Westporter David Pogue airs a segment on “CBS Sunday Morning” this weekend (March 14).

David Pogue tapes a segment with Melissa Bernstein, in her Westport home.

LifeLines has become Melissa’s life. She has recorded nearly 3 dozen podcasts, and oversees every aspect of the project. Yet she still takes time each day to speak to individual men and women — people just like her, who feel the same overpowering existential anguish and depression.

Being on the national stage — and speaking to strangers — is important. But Melissa is our neighbor. Sometimes the hardest part of baring our souls is doing it to those who know us well.

The other day at a Staples basketball game, a woman looked away when they met. Then she said, “I’m so sorry.”

Melissa felt badly that the woman felt so uncomfortable.

“We need a huge education program,” she says. “We know what to say, and not say, when someone dies. Now we need a new national conversation on how to talk about mental health.”

It’s taken Melissa Bernstein her entire life to discover herself, and open that internal dialogue. Now, with LifeLines, she’s opening up to the world.

The chief creative officer of one of the world’s leading toy companies is playing for keeps.

(PS: On Thursday, March 18 at 7 p.m., the Westport Library hosts a conversation with Melissa — and me — about her journey. Click here to register.)


13 responses to “Melissa Bernstein Offers Hope For Anguish, Depression

  1. MS. Bernstein’s courage in sharing her difficult psychological journey is both awe inspiring and deeply moving…..who would have guessed?

  2. Great story Dan about one person’s great courage – imagine how many have read this today with their own anguish and it has already helped them? What a great program they are launching…

  3. Dorothy Robertshaw

    Dan thank you for all that you do first❤️ Fabulous article and Melissa thank you for sharing and bearing your soul , and helping the world be a better place of love and understanding …. and I am so happy you are at peace now …Looking forward to hearing the podcast 🙏🏼❤️👍 … I am sure as always David will be a wonderful host …Sincerely Dorothy Robertshaw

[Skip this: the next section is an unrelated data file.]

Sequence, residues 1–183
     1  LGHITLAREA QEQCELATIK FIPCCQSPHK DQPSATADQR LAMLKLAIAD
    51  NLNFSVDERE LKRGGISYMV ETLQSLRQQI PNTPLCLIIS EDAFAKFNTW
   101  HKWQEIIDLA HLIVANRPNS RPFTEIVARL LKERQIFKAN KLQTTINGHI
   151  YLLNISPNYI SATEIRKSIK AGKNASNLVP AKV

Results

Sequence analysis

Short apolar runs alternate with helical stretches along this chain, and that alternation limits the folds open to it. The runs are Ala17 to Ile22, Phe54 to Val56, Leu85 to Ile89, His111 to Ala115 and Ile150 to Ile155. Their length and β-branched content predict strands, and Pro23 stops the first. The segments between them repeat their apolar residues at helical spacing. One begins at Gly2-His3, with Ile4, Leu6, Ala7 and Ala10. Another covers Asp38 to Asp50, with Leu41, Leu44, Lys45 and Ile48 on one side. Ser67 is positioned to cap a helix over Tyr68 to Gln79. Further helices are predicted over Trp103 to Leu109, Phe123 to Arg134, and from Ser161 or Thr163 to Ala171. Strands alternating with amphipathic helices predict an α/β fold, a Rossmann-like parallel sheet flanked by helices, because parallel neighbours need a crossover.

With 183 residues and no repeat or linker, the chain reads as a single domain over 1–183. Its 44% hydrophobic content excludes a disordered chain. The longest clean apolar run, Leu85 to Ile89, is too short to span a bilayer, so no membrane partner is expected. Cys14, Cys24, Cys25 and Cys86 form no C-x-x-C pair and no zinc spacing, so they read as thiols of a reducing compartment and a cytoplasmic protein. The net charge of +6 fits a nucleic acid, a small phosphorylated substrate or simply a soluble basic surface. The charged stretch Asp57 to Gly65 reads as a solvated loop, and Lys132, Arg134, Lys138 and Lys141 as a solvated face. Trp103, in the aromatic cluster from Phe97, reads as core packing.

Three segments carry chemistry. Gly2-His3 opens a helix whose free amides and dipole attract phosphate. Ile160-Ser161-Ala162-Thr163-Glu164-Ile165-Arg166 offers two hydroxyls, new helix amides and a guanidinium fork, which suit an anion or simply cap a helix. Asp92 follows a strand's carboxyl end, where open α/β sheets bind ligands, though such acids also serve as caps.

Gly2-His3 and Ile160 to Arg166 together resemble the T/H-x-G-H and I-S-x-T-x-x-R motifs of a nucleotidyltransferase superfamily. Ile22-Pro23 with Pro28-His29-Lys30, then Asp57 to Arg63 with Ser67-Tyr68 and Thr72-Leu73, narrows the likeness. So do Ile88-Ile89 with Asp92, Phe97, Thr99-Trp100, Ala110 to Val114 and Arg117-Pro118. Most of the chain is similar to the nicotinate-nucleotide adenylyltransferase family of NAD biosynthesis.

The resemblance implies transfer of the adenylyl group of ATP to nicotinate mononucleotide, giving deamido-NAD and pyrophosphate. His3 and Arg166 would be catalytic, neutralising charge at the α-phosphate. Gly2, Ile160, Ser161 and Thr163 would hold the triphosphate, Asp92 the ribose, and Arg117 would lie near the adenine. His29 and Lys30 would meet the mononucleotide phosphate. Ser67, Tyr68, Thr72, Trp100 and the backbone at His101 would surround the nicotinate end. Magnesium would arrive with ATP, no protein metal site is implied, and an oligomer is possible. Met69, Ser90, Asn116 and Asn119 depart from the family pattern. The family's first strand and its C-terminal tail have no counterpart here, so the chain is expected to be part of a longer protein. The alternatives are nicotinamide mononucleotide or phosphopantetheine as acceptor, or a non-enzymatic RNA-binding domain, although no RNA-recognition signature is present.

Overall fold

4. Joan Gillman

    Thank you Melissa (and Dan for sharing)! You are giving so many people a gift by sharing your journey and giving others access to resources and hope.

  5. Mercedes Escala

    Thanks for sharing Dan and Thank you Melissa for sharing your journey. It’s inspiring to see how you have embraced vulnerability and courage. Lifelines is a true gift.

  6. Patricia McMahon

    Thank you Melissa for being so candid, honest and vulnerable.
    Your personal journey and triumphs for those following you can give so many people hope who are dealing with similar issues .
    I’ll be tuning in Thursday with you and Dan.

  7. Thank you Melissa and Thank you Dan for this important post. Melissa you have changed lives already and will change and help many more.

  8. Thank you for your bravery Melissa. The more we share our common stories and experiences with depression and mental health the less alone people, adults and children alike, will feel. We are not alone in this journey, and we must be there for one another.

  9. Michael Nuzzo

    What an amazing, inspiring and important journey and so vital and brave to share it with others. I’m sure that Melissa has and will continue to positively impact the lives of hundreds if not thousands of people. My children always loved your toys and I love this story! Thank you Dan and Melissa for sharing.

  10. Pegeen Gaherin

    Thank you Melissa for exposing your vulnerability. It is a healing enterprise- mental illness is so stigmatized.

    I too have told my story of manic depression and a life long weight of shame was lifted.

    And to my surprise it was well received by family and friends.

    Dan thank you for sharing my story and Melissa’s. You are making the world a better place.

    Pegeen Gaherin

  11. David Squires (Staples '75)

    Powerful & Encouraging story from one of our lifelong locals!
    Thanks for sharing your story! I’m sure it will help shine a light on this
    very important issue!
    Thanks for posting Dan.

  12. Resilient, authentic, and vulnerable. Melissa your book (Pre-ordered) blew me away. Your story and life journey is both fascinating and frightening. You are an inspiration.

  13. Adam Vengrow

    this is so truly amazing, and thank you Melissa for sharing and Dan for bringing this.. The Trandu family is awesome, they are great people and perfect in what they do. there needs to be so much more of this…. the past 12-13 months have been crushing for kids in elementary, middle, high school and college. Their growing years in learning about themselves and developing their lives has gotten a really tough road block here. Depression and anxiety is real and if we can do more on a local level, i would be interested to help as well as many others. thanks for leading the way.